The crux of our work is, of course, selling blankets to employ women in a job with dignity. What that means — to me — is that the artisans & administrators from our partner producers (Basha) are treated with the utmost of respect. That they are treated with the honour that would be bestowed on a diplomat, CEO, or celebrity, even if (especially if?) they were recently homeless or selling sex.
That is crucial to our story & our values.
But, what about in other parts of my business? What about in other parts of my life?
When a telemarketer or door-to-door salesperson comes by, is their dignity of utmost importance? Or, do I just want to get rid of that person to get on with my day? Do I resent the interruption, or do I treat the interruptor as I would want to be treated?
In one of the only parenting books I have embraced (well, let's be honest: that I have read at all), Barbara Coloroso emphasizes that in consequences and conflict resolution, the key importance is: keeping everyone's dignity intact.
This week, I received a call from a customer who had a question "about something on the website," and when I phoned back, it turned out it was not a customer — it was a sales call. How do I politely decline when I feel manipulated? How do I conclude our conversation with everyone's dignity intact?
I have also been working with a team on a project who finally delivered their work, 1+ month after I was expecting it, and it was a huge disappointment. I'm angry & frustrated with the work, but how do I express it without degrading the workers who completed it? How do I keep their dignity (and mine) intact?
In some ways, I think that being generous-of-spirit to the downtrodden can be the easiest — there is a lot of compassion & empathy that drives our emotions, and then our actions. But, what about everyone else? What about the people "at the top" who contribute to others' struggles? Do I have dignity for them, too, or only disdain?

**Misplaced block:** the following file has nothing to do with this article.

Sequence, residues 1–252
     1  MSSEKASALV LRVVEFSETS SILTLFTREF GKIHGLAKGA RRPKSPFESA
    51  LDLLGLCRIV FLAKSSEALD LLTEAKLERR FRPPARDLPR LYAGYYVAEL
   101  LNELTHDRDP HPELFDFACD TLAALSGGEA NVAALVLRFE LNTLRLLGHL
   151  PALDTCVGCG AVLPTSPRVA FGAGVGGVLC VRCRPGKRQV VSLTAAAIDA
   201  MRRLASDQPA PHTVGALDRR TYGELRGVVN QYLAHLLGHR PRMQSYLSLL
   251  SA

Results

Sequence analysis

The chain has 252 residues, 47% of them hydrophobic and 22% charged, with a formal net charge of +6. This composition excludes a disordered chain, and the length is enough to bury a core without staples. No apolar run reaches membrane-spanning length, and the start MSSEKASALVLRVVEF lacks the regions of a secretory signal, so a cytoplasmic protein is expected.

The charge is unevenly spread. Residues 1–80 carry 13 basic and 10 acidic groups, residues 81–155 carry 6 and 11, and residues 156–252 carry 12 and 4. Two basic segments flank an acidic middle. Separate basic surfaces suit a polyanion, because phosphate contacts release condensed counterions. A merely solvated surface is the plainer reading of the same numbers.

I have no conclusions or personal proof, that's for sure. Mostly just questions & reflection.
Dignity: it's on my mind!
Now is a great time to spend 5-10 minutes unsubscribing to email lists you belong to.
Promotional emails are distracting, and form a lot of noise in these next couple of months (yes, I know — my weekly Keep Up email contributes, too!).
Do a scan of the regular emails you receive & ask: can I stop receiving this? Will I miss anything that I will actually suffer for not receiving? Is the content providing value to me, or is it just noise?
As this summer neared its end, Wayne & I began talking about a radical idea: quitting our Netflix subscription. I was feeling anxious about the transition from summer's never-ending days to the routine & rhythm of fall. Our kids would be in school all day (the girls, at least; our son is just half-days), and then have activities, chores, & piano practice, not to mention squeezing in their accustomed 8 hours of daily free play into what was left!
The truth is that I didn't want their extra time to be spent prioritizing shows, I wanted them to spend it with me. I think this is the kind of sappy feeling parents begin to get when they've left the all-consuming pre-school years and they glimpse how quickly time will pass before the kids are grown up.
We've listened to the soundtrack to The Greatest Showman countless times in my house (or, as my music app tells me: around 30), and the chorus of this song — "Never Enough" — keeps ringing through my head.
The song itself is about love (ie. without you, all the amazing things in the world will never be enough), but as we head into the busiest shopping season of the year, I feel like "Never Enough" is the battle cry of retail marketing.
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